The government of India is reportedly considering the legalization of digital currencies, with some restrictions, per CoinDesk. According to reports, an unnamed senior official, who was reportedly present for the meetings of an interdisciplinary committee, said, “There is a general consensus that cryptocurrency cannot be dismissed as completely illegal. It needs to be legalized with strong riders.” The committee, which was created by the government in April, is said to be planning to provide the finance ministry in the country with a new report as of this coming February.
In other news, Bank Of America may be looking into using blockchain technology for automated teller machines (ATMs), CoinDesk reported. According to a U.S. Patent and Trademark Office (USPTO) filing, the company has detailed a system to “accelerate transaction speed and/or facilitate other types of transactions, in addition to ATM transactions like cash withdrawals and deposits.” The bank also claimed, according to the outlet, that the technology might allow devices to “handle a relatively larger amount of transaction volume, while reducing its physical cash transportation needs.”
China-based Bitmain is reportedly set to undergo some layoffs, according to CoinDesk. The reports came after a discussion on Dec. 17 on Maimai, a Chinese site that is similar to LinkedIn. According to some posts, which CoinDesk said “appear to be verified Bitmain employees on the social network,” layoffs might start this week. The outlet said that one post read, “The layoff will start next week, and involves more than 50 percent of the entire [Bitmain] headcount.” The company said in a statement, as reported by CoinDesk, “There has been some adjustment to our staff this year as we continue to build a long-term, sustainable and scalable business.”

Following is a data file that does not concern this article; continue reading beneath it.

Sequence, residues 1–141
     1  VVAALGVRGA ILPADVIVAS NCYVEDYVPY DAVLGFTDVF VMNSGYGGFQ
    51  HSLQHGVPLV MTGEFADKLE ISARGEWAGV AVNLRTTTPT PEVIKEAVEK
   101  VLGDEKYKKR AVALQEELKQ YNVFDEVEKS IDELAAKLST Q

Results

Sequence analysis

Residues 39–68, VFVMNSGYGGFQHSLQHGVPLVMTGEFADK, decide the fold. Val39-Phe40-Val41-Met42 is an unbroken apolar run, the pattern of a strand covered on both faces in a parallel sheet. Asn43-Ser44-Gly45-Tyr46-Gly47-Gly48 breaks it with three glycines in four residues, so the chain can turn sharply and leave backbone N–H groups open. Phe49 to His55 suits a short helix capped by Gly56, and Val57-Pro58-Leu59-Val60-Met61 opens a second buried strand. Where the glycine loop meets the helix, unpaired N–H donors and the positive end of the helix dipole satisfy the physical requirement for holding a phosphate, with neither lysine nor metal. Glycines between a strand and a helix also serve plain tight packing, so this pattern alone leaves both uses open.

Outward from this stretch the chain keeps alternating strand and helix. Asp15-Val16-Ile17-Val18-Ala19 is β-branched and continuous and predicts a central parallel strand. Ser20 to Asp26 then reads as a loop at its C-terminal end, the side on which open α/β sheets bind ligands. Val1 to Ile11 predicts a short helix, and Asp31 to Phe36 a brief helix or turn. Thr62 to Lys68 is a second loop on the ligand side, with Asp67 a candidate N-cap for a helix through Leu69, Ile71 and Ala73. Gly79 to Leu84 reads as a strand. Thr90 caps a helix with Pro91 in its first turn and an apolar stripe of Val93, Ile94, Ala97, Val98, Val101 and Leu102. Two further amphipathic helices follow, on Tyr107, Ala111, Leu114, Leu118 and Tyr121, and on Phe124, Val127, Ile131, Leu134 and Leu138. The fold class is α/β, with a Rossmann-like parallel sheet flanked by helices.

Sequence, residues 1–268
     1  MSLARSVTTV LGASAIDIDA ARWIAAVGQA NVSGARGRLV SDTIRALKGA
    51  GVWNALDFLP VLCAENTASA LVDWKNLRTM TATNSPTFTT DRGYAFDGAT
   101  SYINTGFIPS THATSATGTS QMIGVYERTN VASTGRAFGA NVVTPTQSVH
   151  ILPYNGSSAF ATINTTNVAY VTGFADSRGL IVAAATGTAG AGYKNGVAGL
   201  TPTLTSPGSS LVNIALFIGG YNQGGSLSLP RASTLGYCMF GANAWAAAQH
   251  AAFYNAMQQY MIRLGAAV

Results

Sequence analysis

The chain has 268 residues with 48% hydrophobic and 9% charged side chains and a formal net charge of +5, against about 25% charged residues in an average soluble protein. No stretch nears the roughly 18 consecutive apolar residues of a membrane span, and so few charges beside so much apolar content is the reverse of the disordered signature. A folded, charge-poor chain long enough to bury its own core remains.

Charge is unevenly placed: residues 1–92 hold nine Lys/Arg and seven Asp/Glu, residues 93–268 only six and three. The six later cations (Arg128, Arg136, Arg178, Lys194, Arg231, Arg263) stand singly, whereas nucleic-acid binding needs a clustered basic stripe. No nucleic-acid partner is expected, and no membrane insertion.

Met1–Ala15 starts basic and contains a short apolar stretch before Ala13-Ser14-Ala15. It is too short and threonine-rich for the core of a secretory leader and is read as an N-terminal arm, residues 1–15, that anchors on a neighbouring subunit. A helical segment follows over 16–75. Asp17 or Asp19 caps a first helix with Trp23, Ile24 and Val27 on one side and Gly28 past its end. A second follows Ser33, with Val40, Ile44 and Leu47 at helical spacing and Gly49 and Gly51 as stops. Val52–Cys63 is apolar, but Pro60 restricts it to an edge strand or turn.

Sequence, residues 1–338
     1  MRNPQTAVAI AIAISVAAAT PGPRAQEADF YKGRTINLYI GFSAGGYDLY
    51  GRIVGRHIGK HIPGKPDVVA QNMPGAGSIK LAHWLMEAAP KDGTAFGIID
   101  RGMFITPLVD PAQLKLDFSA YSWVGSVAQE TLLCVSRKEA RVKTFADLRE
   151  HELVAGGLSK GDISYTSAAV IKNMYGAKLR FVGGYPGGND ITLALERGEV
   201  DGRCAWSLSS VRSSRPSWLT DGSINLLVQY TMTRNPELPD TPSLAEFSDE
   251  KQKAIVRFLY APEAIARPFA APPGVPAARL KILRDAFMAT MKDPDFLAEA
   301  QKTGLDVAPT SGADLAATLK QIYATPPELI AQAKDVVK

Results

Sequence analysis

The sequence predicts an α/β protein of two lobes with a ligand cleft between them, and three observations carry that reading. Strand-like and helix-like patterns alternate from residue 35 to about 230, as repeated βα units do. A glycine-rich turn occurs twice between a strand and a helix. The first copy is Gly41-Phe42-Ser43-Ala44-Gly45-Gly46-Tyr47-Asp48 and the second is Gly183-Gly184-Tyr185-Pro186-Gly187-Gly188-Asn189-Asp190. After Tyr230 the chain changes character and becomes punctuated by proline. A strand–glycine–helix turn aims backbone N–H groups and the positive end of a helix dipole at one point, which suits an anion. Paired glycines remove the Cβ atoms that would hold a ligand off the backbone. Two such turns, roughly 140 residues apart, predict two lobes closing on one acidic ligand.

On another note, crypto exchange Bithumb has notched a victory in court in a case that involved a reported hack into a user’s account, according to CoinDesk. One user claimed to put ₩400 million ($356,762 USD) into a Bithumb account, only to have the funds changed into Ethereum and transferred out of the account by someone that might have been a hacker. The individual, who brought Bithumb parent Bitsy claimed that the exchange “requires a high degree of security measures, required by financial institutions.” However, a judge agreed with Bithumb that it was not responsible for compensation under the Electronic Financial Transactions Act. As digital currency is “mainly used as speculative means,” the judge noted, “it cannot be regarded as an electronic means of payment.”